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From Technical Wonder to Malpractice Liability

Computerized surgery was seen as the way of the future until a few years ago. Now, about 200 patients in Germany alone have filed malpractice lawsuits because they can no longer walk after undergoing such an operation.


The robot is unlikely to replace human surgeons any time soon.

Five years ago, Ursula Navrot received an artificial hip that had been fitted by one of Germany's first Robodoc machines.

"It fits real well, but I can't walk any more," she told German public broadcaster WDR. When Navrot goes out, even just for a short distance, she has to walk on crutches and rely on her husband to push her around in a wheelchair, she said. "I cannot go anywhere alone and am always dependent on the help of others," Navrot added.

She can't walk anymore because her tendons and muscle tissue were damaged during the operation. Hundreds of other patients complain about similar problems.

Surgeons on the other hand had expected the computerized cutter -- originally developed for the automobile manufacturing industry -- to increase precision and thereby also the durability of artificial hips. The machine cuts a cavity into the thighbone to make space for a prosthesis that is implanted afterwards.

Report: Robots not better than surgeons

Operation Krankenhaus Arzt

But a recent study on surgery roboters commissioned by Germany's health insurance carriers has come up with different results. It's not proven that the robot guarantees a sturdier and more durable artificial hip than those fitted by surgeons themselves, according to Peter Schräder, a orthopaedic surgeon in the western German town of Essen.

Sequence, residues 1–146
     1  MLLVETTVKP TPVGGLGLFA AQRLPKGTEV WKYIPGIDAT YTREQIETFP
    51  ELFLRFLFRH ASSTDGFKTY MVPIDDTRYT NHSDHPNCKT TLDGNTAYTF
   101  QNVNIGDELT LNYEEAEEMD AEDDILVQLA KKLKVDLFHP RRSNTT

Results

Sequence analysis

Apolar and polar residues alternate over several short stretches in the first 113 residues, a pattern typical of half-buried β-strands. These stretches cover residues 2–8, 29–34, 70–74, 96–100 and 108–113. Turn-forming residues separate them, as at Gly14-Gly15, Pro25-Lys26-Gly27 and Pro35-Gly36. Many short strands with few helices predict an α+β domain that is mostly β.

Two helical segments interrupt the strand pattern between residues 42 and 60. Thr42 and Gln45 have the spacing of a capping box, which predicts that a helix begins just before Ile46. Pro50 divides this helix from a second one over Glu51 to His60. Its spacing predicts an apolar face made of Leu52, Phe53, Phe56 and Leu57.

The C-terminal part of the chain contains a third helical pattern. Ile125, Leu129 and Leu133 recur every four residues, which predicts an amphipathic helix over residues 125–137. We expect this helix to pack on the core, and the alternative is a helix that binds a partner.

"Quite to the contrary, surgeon-made hips are just as sturdy as those made by robots," he said, adding that a 2004 experimental study on human cadaver bones had shown this to be true.

While man and machine produce similar results, according to Schräder, radiation exposure and the risk of mistakes are higher with the robot. The surgeon believes that the introduction of the computerized surgeons, which cost about €500,000 ($595,000) a piece, was a mistake.

"A new method needs to produce some kind of positive result," Schräder said. "It either needs to be better for the patient or it needs to be cheaper for society as a whole. If you can't show that that's the case, there's really no point in introducing such a new kind of method."

Hospitals phase out machines

As a result, many hospitals have stopped using Robodocs after alleged malpractice cases started to surface. Officials for the company that produces Robodocs were not available for comment on Friday.

Other clinics that used a similar machine called Caspar had to shut down the machines after the company that produced it went bankrupt. Schräder, who contributed significantly to the recent report, doesn't believe they will be switched on again.

"Since this method is still in its trial phase, I think people will hold back on using it for regular patients," Schräder said.

It's still unclear whether patients who sue their surgeons will receive support from their health insurance carriers. But the latter have said that they want to publish the findings of the report immediately and make it accessible to everyone.

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